Ex-NHLer Ryan Whitney opens up about surreal time in KHL

Former NHLer Ryan Whitney called in to Hockey Central at Noon to share his KHL experience, Stanley Cup Playoffs predictions, and what's up for him in the near future.

Don’t knock it until you try it.

That would be Ryan Whitney’s message to professional hockey players in North America considering a stint in the KHL.

“In 2013, I knew my ankles were shot. My career in the NHL was done,” Whitney wrote in a thoroughly entertaining post in The Players’ Tribune Monday. “I had been fortunate enough to make a lot of money in the league (thanks for those backdoor tap-ins, Sid), and I could have retired. But I was only 30. Even though I couldn’t skate well enough to play at the NHL level anymore, I still loved the game and knew I could play in Europe.”

LISTEN: Ryan Whitney talks time spent in KHL on Prime Time Sports

The fifth-overall pick from 2002 spent the bulk of his NHL career split between the Pittsburgh Penguins, Anaheim Ducks and Edmonton Oilers. During the 2013-14 season, Whitney played seven games with the Florida Panthers and 45 with the San Antonio Rampage in the AHL. At age 30, after getting a call from his agent, he decided to take a leap of faith and continue playing the game he loved. He signed with Sochi HC, an average-to-below-average team in the KHL.

“It was such a raw, real experience,” Whitney wrote. “You don’t necessarily realize that the NHL is a such a bubble until you travel to a very, very different culture. It’s almost a cliché, but really, you’re like ‘OH MY GOD.’ It puts not just your career, but your life into perspective.

“It’s a funny cycle because you make it to The Show and you get all these perks and private planes, but it’s not real life. Then at the end of your career, you almost go back to the start — the way it was when you were coming up in college or the AHL on the long bus rides and the stinky hotel rooms with your buddies."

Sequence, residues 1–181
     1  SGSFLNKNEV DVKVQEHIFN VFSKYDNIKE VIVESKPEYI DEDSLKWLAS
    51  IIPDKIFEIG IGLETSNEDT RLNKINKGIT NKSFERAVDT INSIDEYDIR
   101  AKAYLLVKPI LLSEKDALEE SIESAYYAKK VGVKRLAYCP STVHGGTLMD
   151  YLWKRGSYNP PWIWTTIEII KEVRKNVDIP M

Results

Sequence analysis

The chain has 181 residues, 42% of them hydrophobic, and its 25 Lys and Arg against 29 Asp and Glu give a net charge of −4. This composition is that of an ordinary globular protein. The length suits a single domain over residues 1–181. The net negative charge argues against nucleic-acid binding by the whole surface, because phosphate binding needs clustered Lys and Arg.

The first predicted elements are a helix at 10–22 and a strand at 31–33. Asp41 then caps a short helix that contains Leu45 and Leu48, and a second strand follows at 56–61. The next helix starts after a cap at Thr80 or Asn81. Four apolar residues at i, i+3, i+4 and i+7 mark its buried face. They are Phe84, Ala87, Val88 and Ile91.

To say the least, his adventures in Russia were unusual compared to his time in the NHL and even AHL. Whitney recounted some memorable moments including but not limited to: nurses smoking cigarettes, watching Netflix and eating gummy bears, hilarious Russian-to-English translations and routinely being gassed at practice.

“For any NHL guys reading this right now, let me tell you something: You don’t know how good you have it. A normal practice in Sochi was harder than any day I ever had in an NHL training camp.

“In Russia, they skate. Then they skate some more. You’re dying. You’re about to fall over. Your coach is screaming. You look at your Russian teammate and ask, ‘What did coach say?’

And he says, ‘This warmup.’”

Among his teammates on Sochi were former NHLers Andrei Kostitsyn, Oleg Saprykin and Canadian Cory Emmerton, who Whitney says was a huge help in the transition process. His team finished eighth in the league’s Western Conference and was swept in the opening round of the playoffs. Whitney registered six goals, 19 assists and 23 penalty minutes in 42 games that season.

Despite the less-than-ideal conditions he said he wouldn’t trade his experience in Russia for anything in the world.

Whitney, now 32, signed with Modo in the Swedish league last summer and played two games before retiring from pro hockey in September.